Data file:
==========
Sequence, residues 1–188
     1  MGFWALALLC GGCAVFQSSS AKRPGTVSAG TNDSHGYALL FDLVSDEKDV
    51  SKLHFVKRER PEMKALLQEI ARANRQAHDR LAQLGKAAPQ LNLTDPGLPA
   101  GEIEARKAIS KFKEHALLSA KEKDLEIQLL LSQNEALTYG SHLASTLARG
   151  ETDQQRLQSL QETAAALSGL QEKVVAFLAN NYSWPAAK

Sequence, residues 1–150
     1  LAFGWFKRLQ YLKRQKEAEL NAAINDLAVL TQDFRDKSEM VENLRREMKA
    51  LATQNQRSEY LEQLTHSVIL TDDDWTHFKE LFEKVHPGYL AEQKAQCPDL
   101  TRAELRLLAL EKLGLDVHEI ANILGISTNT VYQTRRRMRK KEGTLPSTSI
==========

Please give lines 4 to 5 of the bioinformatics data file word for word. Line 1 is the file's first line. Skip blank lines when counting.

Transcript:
   101  GEIEARKAIS KFKEHALLSA KEKDLEIQLL LSQNEALTYG SHLASTLARG
   151  ETDQQRLQSL QETAAALSGL QEKVVAFLAN NYSWPAAK